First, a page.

Andolfo, Immacolata (2017) Molecular genetics and pathogenic mechanisms of hereditary anemias due to altered permeability of erythrocyte membrane. [Tesi di dottorato]

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Item Type: Tesi di dottorato
Lingua: English
Title: Molecular genetics and pathogenic mechanisms of hereditary anemias due to altered permeability of erythrocyte membrane
Creators:
CreatorsEmail
Andolfo, Immacolataimmandolfo@gmail.com
Date: 7 April 2017
Number of Pages: 69
Institution: Università degli Studi di Napoli Federico II
Department: Medicina Molecolare e Biotecnologie Mediche
Dottorato: Medicina molecolare e biotecnologie mediche
Ciclo di dottorato: 29
Coordinatore del Corso di dottorato:
nomeemail
Avvedimento, Vittorio Enricoavvedim@unina.it
Tutor:
nomeemail
Iolascon, AchilleUNSPECIFIED
Date: 7 April 2017
Number of Pages: 69
Uncontrolled Keywords: Anemias, cation permeability, molecular genetics
Settori scientifico-disciplinari del MIUR: Area 06 - Scienze mediche > MED/03 - Genetica medica
Date Deposited: 03 May 2017 08:49
Last Modified: 13 Mar 2018 11:20
URI: http://www.fedoa.unina.it/id/eprint/11619
DOI: 10.6093/UNINA/FEDOA/11619

Abstract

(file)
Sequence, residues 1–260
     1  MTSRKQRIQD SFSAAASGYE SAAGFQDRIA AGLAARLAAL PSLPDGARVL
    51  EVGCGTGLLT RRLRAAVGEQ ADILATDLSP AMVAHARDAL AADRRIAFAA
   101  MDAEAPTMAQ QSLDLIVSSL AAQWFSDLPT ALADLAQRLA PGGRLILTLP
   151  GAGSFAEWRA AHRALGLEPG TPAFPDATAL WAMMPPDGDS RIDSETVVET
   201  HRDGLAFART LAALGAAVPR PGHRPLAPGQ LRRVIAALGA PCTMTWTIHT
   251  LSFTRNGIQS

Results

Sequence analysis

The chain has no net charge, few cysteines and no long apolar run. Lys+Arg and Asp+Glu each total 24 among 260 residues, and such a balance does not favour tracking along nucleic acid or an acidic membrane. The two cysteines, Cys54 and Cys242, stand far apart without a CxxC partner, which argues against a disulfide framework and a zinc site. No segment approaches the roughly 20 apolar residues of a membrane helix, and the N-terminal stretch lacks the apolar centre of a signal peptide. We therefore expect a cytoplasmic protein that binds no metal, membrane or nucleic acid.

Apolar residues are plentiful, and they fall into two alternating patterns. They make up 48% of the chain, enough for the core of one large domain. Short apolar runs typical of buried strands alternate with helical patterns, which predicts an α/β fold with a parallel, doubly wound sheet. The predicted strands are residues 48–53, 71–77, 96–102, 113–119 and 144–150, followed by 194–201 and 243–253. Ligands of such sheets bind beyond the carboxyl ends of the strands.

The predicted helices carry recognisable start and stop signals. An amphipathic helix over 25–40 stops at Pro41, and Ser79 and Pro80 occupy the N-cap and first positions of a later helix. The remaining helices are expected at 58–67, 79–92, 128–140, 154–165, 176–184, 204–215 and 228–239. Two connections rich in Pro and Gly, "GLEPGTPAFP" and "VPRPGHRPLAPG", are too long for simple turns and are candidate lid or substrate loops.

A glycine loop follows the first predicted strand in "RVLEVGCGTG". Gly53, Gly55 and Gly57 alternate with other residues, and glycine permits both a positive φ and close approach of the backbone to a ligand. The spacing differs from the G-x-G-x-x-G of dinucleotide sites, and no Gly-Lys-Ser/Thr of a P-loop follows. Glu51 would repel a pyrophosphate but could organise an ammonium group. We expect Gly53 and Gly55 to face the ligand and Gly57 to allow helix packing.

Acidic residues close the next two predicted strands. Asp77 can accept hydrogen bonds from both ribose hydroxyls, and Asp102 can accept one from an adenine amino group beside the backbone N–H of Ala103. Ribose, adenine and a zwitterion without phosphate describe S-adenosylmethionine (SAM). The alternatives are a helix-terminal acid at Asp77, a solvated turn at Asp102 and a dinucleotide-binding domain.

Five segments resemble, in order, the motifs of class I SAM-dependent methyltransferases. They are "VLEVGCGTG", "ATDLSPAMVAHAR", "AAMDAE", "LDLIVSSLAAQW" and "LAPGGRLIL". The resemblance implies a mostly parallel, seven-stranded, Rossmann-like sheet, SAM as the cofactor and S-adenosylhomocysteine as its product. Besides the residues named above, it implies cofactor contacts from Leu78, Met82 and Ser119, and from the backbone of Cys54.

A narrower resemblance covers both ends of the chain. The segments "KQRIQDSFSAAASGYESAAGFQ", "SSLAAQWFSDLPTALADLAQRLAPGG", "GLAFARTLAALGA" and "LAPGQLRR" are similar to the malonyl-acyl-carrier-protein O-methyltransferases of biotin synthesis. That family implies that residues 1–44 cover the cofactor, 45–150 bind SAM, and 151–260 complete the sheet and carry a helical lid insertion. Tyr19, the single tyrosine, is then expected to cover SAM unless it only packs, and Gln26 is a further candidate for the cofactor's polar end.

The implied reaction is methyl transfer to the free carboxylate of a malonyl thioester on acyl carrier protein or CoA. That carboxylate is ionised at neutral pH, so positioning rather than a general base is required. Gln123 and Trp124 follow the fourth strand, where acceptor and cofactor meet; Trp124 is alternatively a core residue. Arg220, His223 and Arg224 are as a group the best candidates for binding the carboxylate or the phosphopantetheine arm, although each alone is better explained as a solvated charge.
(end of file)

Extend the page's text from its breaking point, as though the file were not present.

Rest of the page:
Genetic defects of erythrocyte transport proteins cause disorders of red blood cell volume that are characterized by abnormal permeability to the cation and, consequently, by changes in red cell hydration. Within this group of hereditary anemias we focused on familial pseudohyperkalemia and dehydrated hereditary stomatocytosis. The main aims of the project thesis are to study both the molecular genetics and the pathogenic mechanisms of these two disorders. Isolated Familial Pseudohyperkalemia (FP) is a dominant red cell trait characterized by cold-induced ‘passive leak’ of red cell K+ into plasma. The causative gene of this condition is ABCB6, encoding an erythrocyte membrane ABC transporter protein bearing the Langereis blood group antigen system. Dehydrated hereditary stomatocytosis (DHS) is an autosomal dominant congenital hemolytic anemia with moderate splenomegaly and often compensated hemolysis. Red cells are characterized by cation leak of the red cell membrane, reflected in elevated sodium content, decreased potassium content, elevated MCHC and MCV, and decreased osmotic fragility. The majority of symptomatic DHS cases reported to date have been associated with gain-of-function mutations in the mechanosensitive cation channel gene, PIEZO1. Our study started with the recruitment of 97 patients affected by both FP and DHS from 41 unrelated families of Italian and foreign countries. Regarding familial pseudohyperkalemia, analyzing three new families, we reported the first functional characterization of ABCB6 mutants, including homozygous mutation V454A, heterozygous mutation R276W, and compound heterozygous mutations R276W and R723Q. All these mutations are annotated in public databases, suggesting that FP could be common in the general population. Indeed, we identified variant R276W in one of 327 random blood donors (0.3%). Measurement of cation flux demonstrated greater loss of K+ or Rb+ from HEK-293 cells expressing ABCB6 mutants than from cells expressing ABCB6 WT. The R276W/R723Q mutations elicited greater cellular K+ efflux than did the other mutants tested. Regarding dehydrated hereditary stomatocytosis by whole exome sequencing analysis of two previously undiagnosed DHS families we identified the second causative gene of DHS, the KCNN4 gene, encoding the Gardos channel (KCa3.1), the erythroid Ca2+-sensitive K+ channel of intermediate conductance. We characterized the expression of KCNN4 in the mutated patients and during erythroid differentiation of hematopoietic progenitor cell CD34+ and K562 cells. We also analyzed KCNN4 expression during mouse embryonic development. Finally, we demonstrated that the mutations in KCNN4, as for PIEZO1, cause a gain of function, by increasing potassium efflux. Moreover, by analysing the genotype of the patients here collected, we characterized a new interesting mutation in PIEZO1, that is a duplication of two aminoacids localized in the pore of the channel, found in two families with different phenotype. We further analysed the modified effect of an additional PIEZO1 missense variant carried by the family exhibiting the more severe phenotype. We found that the missense variant co-inherited with the duplication cause an augmented potassium efflux. In conclusion, ABCB6 missense mutations in FP erythrocytes show elevated K+ efflux. The patients are present at moderate frequency in the blood donor population. Storage of blood of these patients leads to significantly increased K+ levels, with serious clinical implications for neonates and infants receiving large-volume transfusions of whole blood. Genetic tests for FP could be added to blood donor pre-screening. Further study of ABCB6 function and trafficking could be informative for the study of other pathologies of red blood cell hydration. The identification of KCNN4 mutations in DHS patients supports recent studies that indicate it plays a critical role in normal erythrocyte deformation in the microcirculation and participates in maintenance of erythrocyte volume homeostasis. The characterization of PIEZO1 and KCNN4 mutations in DHS has contributed to the understanding of DHS pathogenesis that will be useful for the prognosis, the management, the follow-up, and the treatment of these patients.

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